International Policing Systems (Previously: Comparative Policing) - 2016

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This page is for past year, View 2017 unit details.

Unit summary


  • Level of Study: Postgraduate
  • Study load: 0.125 EFTSL
  • Delivery method: Fully Online
  • Prerequisites: No
  • Duration: 14 weeks
  • Government loans available: FEE-HELP
  • Availability for 2016: Sess 1
  • Assessment: Assignment 1 (40%) , Assignment 2 (20%) - Learn more

Unit provided by

2016 Fees
Domestic 3,120.00
International 3,370.00

Historically, policing and law enforcement has been a localised function, reflecting the customs, practices and traditions of an identifiable community. The fact that there are still less than 10 policing organisations in the western world with a staffing component of more than 10,000 yet a policing population that numbers in the millions only serves to reinforce the perspective that even in the modern context policing has a local, community based focus. However, that is not the case in developing and 3rd world countries. These are characterised by large centralised militaristic organisations that have a greater focus on order and status quo than in engagement and partnerships. This unit provides students with the opportunity to investigate law enforcement and policing options with respect to the influences of social systems, legal systems, economic development, conflict and globalisation of crime. 

On completion of this unit you will be able to:

  1. critique the theories that underpin the development of policing systems around the world
  2. analyse the major forms of policing system in use globally with the ability to compare and contrast the merits of each
  3. distinguish the socio/economic/political factors that determine how policing systems are employed
  4. analyse specific contemporary challenges that impact on policing systems on a global scale
  5. examine the strategies used to meet the contemporary challenges confronting international policing authorities.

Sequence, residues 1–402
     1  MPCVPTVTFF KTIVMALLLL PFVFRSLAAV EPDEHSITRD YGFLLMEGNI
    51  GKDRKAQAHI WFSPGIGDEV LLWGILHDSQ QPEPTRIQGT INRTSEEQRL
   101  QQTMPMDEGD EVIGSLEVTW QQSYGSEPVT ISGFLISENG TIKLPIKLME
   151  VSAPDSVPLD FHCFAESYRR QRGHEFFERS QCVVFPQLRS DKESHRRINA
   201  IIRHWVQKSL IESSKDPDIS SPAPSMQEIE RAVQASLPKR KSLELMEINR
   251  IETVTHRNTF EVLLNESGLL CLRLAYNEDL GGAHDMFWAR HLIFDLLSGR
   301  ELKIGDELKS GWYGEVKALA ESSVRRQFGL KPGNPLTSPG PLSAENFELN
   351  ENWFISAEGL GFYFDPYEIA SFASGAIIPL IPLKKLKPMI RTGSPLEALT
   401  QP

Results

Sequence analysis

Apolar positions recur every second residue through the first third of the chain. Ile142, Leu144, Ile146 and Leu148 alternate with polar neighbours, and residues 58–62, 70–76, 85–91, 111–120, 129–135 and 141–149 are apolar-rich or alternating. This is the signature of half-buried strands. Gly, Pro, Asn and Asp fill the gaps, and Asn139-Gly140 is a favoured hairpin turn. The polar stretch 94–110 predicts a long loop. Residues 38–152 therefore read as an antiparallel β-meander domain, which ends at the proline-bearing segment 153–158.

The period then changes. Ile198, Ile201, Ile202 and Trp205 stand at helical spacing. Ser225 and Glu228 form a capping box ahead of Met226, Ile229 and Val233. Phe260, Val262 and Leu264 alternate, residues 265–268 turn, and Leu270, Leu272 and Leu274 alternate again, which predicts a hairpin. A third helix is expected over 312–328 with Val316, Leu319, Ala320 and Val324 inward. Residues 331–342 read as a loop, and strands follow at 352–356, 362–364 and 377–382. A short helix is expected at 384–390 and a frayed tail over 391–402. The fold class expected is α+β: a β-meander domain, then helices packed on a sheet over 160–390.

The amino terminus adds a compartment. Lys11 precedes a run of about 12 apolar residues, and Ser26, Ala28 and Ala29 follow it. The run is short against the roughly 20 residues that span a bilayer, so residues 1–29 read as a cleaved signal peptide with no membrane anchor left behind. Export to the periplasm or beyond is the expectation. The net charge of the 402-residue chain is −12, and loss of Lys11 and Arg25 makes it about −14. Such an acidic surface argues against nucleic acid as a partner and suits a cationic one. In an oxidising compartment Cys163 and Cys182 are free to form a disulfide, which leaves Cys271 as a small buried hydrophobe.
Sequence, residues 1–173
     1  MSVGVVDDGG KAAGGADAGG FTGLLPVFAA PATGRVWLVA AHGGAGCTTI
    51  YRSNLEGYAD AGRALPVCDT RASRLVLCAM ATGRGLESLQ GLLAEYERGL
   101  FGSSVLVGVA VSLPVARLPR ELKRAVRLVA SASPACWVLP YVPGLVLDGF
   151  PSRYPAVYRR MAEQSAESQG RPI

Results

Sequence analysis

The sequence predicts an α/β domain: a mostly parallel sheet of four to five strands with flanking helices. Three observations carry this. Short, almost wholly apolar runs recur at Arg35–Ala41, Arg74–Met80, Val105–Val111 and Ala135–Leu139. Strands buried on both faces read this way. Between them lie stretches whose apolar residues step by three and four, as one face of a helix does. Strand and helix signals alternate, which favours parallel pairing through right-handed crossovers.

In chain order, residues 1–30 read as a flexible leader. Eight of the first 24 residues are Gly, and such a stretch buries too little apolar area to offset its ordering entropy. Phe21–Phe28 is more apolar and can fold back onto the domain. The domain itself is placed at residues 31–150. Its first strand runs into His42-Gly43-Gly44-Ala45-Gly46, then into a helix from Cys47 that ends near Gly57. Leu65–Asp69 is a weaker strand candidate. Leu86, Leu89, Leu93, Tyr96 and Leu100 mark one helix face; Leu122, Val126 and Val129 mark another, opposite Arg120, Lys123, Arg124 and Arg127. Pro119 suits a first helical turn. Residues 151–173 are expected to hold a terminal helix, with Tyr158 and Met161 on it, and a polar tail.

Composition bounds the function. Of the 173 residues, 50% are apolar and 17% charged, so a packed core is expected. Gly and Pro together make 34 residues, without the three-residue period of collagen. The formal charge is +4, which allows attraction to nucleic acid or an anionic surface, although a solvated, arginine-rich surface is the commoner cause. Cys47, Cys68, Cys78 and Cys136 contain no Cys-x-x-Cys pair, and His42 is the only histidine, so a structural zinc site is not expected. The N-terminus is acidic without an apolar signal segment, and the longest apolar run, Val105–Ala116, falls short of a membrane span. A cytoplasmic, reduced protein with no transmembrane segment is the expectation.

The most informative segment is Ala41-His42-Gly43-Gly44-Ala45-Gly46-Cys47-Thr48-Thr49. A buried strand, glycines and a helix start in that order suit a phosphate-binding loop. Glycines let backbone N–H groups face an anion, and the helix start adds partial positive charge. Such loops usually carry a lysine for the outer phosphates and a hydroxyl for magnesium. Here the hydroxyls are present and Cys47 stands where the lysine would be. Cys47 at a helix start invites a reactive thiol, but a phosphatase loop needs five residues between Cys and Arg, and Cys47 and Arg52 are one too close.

• Assignment 1 (40%)
  • Assignment 2 (20%)
  • Assignment 3 (40%)

There are no prerequisites for this unit.

  • Broadband access — Students are required to have regular access to a computer and the internet. Mobile devices alone are not sufficient

This unit addresses the following topics.

1Tenets of Democratic policing
2Relevant features of the World's major legal systems
3Policing in Common Law Countries
4Policing in Civil Law Countries
5Policing in Socialist Law Countries
6Indigenous Policing
7Varying Policing Strategies Around the World
8Policing in Conflict & Post Conflict Environments
9International Policing
10International Policing
11Reflection and analyses of the semester.

This unit is delivered using the following methods and materials:

Instructional Methods

  • Discussion Forum/Discussion Board
  • Online assignment submission
  • Podcasting/Lecture capture
  • Streaming Multimedia
  • Web links

Online materials

  • Resources and Links

This unit is a core requirement in the following courses:

This unit is part of a major, minor, stream or specialisation in the following courses:

This unit may be eligible for credit towards other courses:

  1. Many undergraduate courses on offer through OUA include 'open elective' where any OUA unit can be credited to the course. You need to check the Award Requirements on the course page for the number of allowed open electives and any level limitations.
  2. In other cases, the content of this unit might be relevant to a course on offer through OUA or elsewhere. In order to receive credit for this unit in the course you will need to supply the provider institution with a copy of the Unit Profile in the approved format, which you can download here. Note that the Unit Profile is set at the start of the year, and if textbooks change this may not match the Co-Op textbook list.
This unit does not have a prescribed textbook(s).

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